Healing From Trauma Does Not Take a Lifetime

Contentment Magazine: Spring 2024
Volume 13, Number 1


Or Read the Articles Below

Editor’s Message
By Jeff Jernigan, PhD, BCPPC, FAIS

Post–Traumatic Growth Finding Hope in Adversity
By Nancy Jernigan, PhD, LPC, FAIS
Post-Traumatic Growth: Finding Hope in Adversity, the concept of Post-Traumatic Growth (PTG) and, in broad brush strokes, lays out what this is, how it works, and the hope it provides those who think there is no remedy for the stress, anxiety, and trauma injury they have experienced. Experiencing a traumatic event can transform someone’s life and facilitate growth. PTG rests on the
theory that healing comes through adversity and gives hope and renewed strength. This strength can often be more significant than before the event or experience. Nancy recommends a five-step self-care plan as a tool for sustaining and building resilience, enabling quicker recovery from stress and trauma injury

Cranial Electrotherapy Stimulation: Smoothing the Path to Post-Traumatic Growth
By Josh Briley, PhD, BCMAS, FAIS
Cranial Electrotherapy Stimulation: Smoothing the Path to Post-Traumatic Growth, offers hope for those struggling with recovery from stress and trauma injuries. What it means to “get better” is described practically as getting unstuck from mistaken beliefs and embracing a change in perspective that offers freedom from preconceived notions. The biology and psychology of PTG are explained, leading to an understanding of the neurological changes experienced as symptoms of post-traumatic stress. What we think and feel is demystified to the point where what to do about it becomes clear. Traditional means of managing post-traumatic stress are reviewed, and a modern approach to treatment is introduced: cranial electrotherapy stimulation (CES).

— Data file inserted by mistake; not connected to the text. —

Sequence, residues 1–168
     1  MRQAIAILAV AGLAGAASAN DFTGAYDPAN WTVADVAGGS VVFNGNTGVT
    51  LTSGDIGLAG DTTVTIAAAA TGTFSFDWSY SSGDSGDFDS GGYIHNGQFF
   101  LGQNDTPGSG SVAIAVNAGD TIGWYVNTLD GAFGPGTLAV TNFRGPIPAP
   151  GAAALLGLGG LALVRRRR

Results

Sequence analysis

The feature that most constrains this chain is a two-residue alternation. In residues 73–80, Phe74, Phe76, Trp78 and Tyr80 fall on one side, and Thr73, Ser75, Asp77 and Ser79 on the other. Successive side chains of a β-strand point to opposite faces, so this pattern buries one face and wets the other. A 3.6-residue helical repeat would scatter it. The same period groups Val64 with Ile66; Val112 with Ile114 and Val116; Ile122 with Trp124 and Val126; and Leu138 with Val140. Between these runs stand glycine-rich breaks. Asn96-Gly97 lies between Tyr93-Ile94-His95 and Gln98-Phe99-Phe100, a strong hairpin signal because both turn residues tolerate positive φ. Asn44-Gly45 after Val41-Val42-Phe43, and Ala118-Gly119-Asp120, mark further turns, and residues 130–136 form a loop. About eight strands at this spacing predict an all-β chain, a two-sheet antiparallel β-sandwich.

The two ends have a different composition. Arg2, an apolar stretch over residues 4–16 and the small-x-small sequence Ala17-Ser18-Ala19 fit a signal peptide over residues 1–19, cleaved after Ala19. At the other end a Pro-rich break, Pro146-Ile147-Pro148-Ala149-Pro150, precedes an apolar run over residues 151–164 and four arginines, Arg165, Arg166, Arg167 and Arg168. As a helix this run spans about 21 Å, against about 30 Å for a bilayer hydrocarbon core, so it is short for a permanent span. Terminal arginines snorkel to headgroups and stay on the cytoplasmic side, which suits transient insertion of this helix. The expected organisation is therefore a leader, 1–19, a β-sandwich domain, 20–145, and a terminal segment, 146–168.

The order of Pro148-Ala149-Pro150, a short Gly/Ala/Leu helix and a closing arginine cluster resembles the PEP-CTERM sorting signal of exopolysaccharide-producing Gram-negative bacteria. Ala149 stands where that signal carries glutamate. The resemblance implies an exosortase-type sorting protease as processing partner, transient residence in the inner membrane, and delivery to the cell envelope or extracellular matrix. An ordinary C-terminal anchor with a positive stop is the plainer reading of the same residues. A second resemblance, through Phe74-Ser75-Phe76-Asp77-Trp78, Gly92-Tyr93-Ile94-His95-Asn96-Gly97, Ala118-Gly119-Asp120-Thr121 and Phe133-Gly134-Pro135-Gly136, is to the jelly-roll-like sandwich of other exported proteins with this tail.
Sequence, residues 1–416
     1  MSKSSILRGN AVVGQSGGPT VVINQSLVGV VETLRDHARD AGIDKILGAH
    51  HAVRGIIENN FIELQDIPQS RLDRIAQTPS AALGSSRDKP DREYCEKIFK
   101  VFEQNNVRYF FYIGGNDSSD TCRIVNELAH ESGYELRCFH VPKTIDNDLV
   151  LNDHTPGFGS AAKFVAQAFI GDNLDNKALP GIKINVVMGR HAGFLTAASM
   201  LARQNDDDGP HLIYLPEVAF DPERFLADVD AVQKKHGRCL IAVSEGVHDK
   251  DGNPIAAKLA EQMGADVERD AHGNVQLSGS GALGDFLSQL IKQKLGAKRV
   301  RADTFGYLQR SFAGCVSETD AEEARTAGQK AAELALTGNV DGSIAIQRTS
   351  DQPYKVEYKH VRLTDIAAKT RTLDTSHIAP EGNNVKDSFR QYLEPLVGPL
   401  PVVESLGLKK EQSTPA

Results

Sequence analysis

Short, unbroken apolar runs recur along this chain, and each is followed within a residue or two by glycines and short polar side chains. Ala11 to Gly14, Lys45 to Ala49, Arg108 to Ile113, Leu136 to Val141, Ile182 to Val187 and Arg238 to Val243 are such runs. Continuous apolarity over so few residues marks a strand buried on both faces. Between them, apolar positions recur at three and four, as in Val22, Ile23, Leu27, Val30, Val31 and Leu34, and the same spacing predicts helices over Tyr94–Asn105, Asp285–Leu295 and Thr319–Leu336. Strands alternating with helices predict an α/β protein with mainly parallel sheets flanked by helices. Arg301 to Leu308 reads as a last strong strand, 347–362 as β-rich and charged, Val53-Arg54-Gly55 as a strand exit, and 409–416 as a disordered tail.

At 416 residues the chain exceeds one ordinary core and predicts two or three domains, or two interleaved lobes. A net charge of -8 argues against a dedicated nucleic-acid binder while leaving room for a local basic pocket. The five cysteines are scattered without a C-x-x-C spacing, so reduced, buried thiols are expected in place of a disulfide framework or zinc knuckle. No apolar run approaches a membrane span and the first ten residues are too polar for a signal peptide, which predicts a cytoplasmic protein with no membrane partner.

Resilience in Grief: A Journey of Post-Traumatic Growth
By Richard Citrin, PhD, MBA
Resilience in Grief: A Journey of Post-Traumatic Growth moves the reader into his lived experience with post-traumatic growth. Facing the loss of two adult children within five years, he details the complexities of grief and how he and his partner drew strength from each other, their work, and their community. Taking different paths, they created new ideas to share with their clients and the broader community, transforming the tragedy into new learnings for themselves and others. This is a poignant,
transparent, true story about loss, grief, and a search for answers. Their journey illustrates creative ways post-traumatic growth can be sustained, creating new resilience along the way.

Spiritual Change and A Transformed Life
By Don Middleton, DO
Resilience in Grief: A Journey of Post-Traumatic Growth, begins with his introduction of John sitting next to him in a 12-step program meeting. Only John was not his real name. Don has the privilege of becoming John’s sponsor and becomes part of John’s journey to sobriety. Don lays out how post-traumatic growth applies to failure in life and the consequences of addiction. Disease, including addiction, brings loss, anxiety, stress, and trauma into life in ways that require a process of recovery. Don describes recovery as a process and not a final destination.

The Experiential Path to Post-Traumatic Growth
By Frank Forencich, DAIS